On the eve of the Great War that would lead to over 22 million avoidable deaths, Lenin called the defeat of Russian Tsarism the lesser of two evils, but urged his German and Austro-Hungarian comrades to oppose their Kaisers with the same vigour. This later came to be known in both socialist and anarchist circles as revolutionary defeatism, a concept later repudiated by the Soviet Union under Joseph Stalin in the fight against fascism. The idea is that you do not just refuse to fight for your imperial masters, but you actively welcome their military defeat.
Yet on the eve of the Second World War, many on the radical left from pacificists to communists in the UK, France and Netherlands, opposed the march to war with Nazi Germany. Fresh from his harrowing experiences of communist machinations in the Spanish Civil War, George Orwell broke ranks with infantile left-wing activists and his own opposition to British jingoism by supporting the war effort against Nazi Germany as the only way to defend the liberal enlightenment against the greater danger of a totalitarian descent. It was a tough call at the time for anti-imperialists who remembered the carnage of First World War only twenty-one years earlier. Many African and Indian opponents of British colonial rule wished for the globe-spanning Empire’s defeat in the two short years between 3rd September 1939 and Operation Barbarossa, when the Nazi invasion of Ukraine led to the July 1941 Anglo-Soviet Agreement, five months before the Pearl Harbour attacks brought the USA into the war. Yet Nazi Germany and Imperial Japan may never have expanded without substantial investment from Anglo-American bankers via JP Morgan and the Bank of England. General Motors had purchased Opel in 1931 and, like Ford, kept its German factories open throughout the war.
Lost in the annals of mid 20th century history is the curious case of George Lansbury, the quaint pacifist leader of the British Labour Party after its resounding 1931 defeat at the ballot box. For three short years, he not only advocated the dissolution of the British Empire but opposed increases in military spending to counter the rise of fascism and national socialism. Mr Lansbury was not alone in wanting to appease rival powers to avert a catastrophic descent into all-out war. David Lloyd George, the prime minister from 1916 to 22, believed Hitler’s government could rebuild Germany as an economic powerhouse and thus counter the rise of communist influence in Central Europe. The National Socialists would never have won over the working classes without promising to redistribute wealth from international bankers to local communities and appealing both to patriotism and family values. Little did the German social conformists of the mid 1930s know that within ten years their dreams of an ecologically friendly and technologically sophisticated 1000-year Reich would lie in tatters with the remainder of a fragmented Germany integrated with the empires of rival superpowers. Key players switched allegiance almost overnight. Consider the case of Adolf Heusinger. He served the Wehrmacht loyally as Chief of the General Staff under Hitler, but later under Adenauer played a key role in the creation of West Germany’s Bundeswehr in 1955 before being appointed as Chair of NATO’s Military Committee.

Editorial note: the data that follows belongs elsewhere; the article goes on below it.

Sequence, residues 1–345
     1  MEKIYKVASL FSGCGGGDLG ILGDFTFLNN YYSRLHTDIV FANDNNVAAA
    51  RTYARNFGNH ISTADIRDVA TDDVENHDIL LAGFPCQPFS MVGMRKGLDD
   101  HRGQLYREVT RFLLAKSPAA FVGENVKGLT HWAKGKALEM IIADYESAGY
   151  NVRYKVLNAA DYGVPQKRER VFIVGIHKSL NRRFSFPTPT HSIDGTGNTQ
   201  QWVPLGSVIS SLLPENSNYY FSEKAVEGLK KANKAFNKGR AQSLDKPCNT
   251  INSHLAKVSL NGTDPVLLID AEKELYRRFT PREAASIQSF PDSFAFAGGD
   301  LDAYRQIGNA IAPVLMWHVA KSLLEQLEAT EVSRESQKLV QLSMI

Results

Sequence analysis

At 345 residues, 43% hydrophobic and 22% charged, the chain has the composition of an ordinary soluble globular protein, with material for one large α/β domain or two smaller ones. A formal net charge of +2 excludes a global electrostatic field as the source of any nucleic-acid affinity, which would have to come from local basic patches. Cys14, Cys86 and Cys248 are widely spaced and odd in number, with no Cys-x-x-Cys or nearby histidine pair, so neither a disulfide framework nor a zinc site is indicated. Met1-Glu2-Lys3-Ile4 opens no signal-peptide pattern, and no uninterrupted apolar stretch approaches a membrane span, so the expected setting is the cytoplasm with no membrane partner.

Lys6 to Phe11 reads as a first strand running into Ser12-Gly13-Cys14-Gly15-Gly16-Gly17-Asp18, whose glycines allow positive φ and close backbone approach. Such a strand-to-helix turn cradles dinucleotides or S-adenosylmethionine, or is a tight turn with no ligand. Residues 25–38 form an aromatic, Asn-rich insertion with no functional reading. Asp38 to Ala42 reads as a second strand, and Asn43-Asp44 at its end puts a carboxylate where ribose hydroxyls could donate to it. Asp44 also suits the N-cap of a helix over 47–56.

The winning powers rewrote history to hide their own involvement in the installation of authoritarian regimes in much of Europe and Latin America. Two years after the infamous 1933 enabling act handed executive power to the National Socialist Party, a revised constitution gave Poland’s interwar Sanation movement absolute power too. The ruling classes could only keep up the pretence of multi-party democracy in Scandinavia, France, the Low Countries and British Isles. Of these only Britain, Ireland and Sweden escaped occupation. Britain had a string of National Unity governments from 1929 to 1945. Ever since we have had a Punch and Judy show of successive Labour, Tory and Coalition administrations juggling the balance of power between large corporations and state institutions. It’s hard to imagine any Western government nominally elected into office would have survived long without the full blessing of the corporatocracy. We need only look at the fate of Salvador Allende in Chile or Gough Whitlam in Australia to understand the limits of Western democracy. As long as they placated the masses with better social welfare, big business could tolerate them, but not when they tried to seize control of the means of production or openly obstructed US foreign policy.
Despite all their failings, Western societies retained two things much more precious than electoral consultations, intellectual freedom and bodily autonomy, namely our basic rights to think and breathe as autonomous human beings rather than as zoo animals. The covid scare offered a convenient loophole to override both core human rights for the greater good. However, it is ludicrous to place your trust in other regimes, such as China, with a longer track record of authoritarian overreach. We live in dangerous times. No external power is going to come to save us. NATO may very well lose over Ukraine, but that too may be a mirage ushering in a new post-American era where global Big Tech works hand in glove with regional law enforcement agencies.